Suspected chemical attacks target Syrian civilians
The Britain-based Syrian Observatory for Human Rights reported a "foul smell after regime helicopters struck several areas of the town in Idlib province, causing five civilians to suffer from suffocation".
It quoted residents and medical sources as saying "toxic gas" was used in the attack, without elaborating.
Local sources said gas was believed to be chlorine and put the number of injured at nine, including three members of Syria’s civil defence force White Helmets. The video of the aftermath of the attack showing choking survivors was shared on social media.
The five airstrikes resulted in the collapse of several buildings, as the White Helmets continue to rescue civilians from the rubble.
Syrian regime air strikes also killed six civilians in the town of Kafr Nabi, near Maarat al-Numan in the southern countryside of Idlib province. Four other civilians were killed in regime bombing on Maaret al Numan and Maasarin.
The Observatory also said that "airplanes believed to be Russian hit the main hospital in Maaret al Numan causing damage".
Local sources told The New Arab that the hospital was targeted by six airstrikes, two with burning napalm. The raids damaged the entire hospital, including a paediatric ward where dozens of children were rescued.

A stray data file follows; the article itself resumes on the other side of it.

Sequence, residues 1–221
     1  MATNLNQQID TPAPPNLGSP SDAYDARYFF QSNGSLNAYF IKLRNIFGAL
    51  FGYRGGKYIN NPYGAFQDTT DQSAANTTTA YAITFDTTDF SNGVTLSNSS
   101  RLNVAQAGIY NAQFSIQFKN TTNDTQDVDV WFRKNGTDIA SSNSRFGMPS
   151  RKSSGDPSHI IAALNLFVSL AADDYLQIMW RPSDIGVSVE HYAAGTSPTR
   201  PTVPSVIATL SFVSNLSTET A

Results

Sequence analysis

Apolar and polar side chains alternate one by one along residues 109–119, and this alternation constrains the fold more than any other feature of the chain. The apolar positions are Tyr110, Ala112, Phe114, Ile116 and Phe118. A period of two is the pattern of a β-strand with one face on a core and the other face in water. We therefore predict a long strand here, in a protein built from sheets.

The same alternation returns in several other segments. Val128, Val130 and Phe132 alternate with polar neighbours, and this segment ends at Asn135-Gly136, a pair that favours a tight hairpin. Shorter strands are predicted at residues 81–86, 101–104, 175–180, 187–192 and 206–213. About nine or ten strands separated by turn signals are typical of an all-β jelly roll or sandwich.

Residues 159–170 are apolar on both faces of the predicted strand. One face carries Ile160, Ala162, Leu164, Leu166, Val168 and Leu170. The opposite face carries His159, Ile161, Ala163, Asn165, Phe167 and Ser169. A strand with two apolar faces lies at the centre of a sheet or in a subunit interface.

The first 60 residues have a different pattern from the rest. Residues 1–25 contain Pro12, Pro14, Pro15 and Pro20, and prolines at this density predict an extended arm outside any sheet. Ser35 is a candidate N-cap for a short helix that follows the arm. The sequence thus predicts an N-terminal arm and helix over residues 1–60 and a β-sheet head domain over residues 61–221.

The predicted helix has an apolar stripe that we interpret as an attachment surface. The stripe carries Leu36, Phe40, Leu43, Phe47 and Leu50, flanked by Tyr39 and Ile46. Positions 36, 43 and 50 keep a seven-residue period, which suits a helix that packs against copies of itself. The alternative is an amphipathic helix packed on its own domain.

The sources added that a similar bombardment had targeted a specialist surgical hospital in the city of Kranabel, south of Idlib, which also lead to the hospital suspending its services.
The National Coalition for Revolutionary forces and the Syrian Opposition issued a statement on Sunday evening demanding the UN Security Council intervene immediately to "stop Russian crimes in Syria".
The latest developments come as the United States this week accused the Syrian regime of using chemical weapons on opposition forces near the capital Damascus.
The Syrian foreign ministry denied the accusations as "lies".
US Defence Secretary Jim Mattis told reporters on Friday his government was concerned sarin gas may have been recently used in Syria, citing reports from NGOs and rebel groups. These reports said toxic gas has been used.
Matis however said the United States has no proof to support these accusations.
Last month, 21 people were treated for respiratory problems after rockets were fired on the rebel bastion of Eastern Ghouta outside Damascus.
Agencies contributed to this report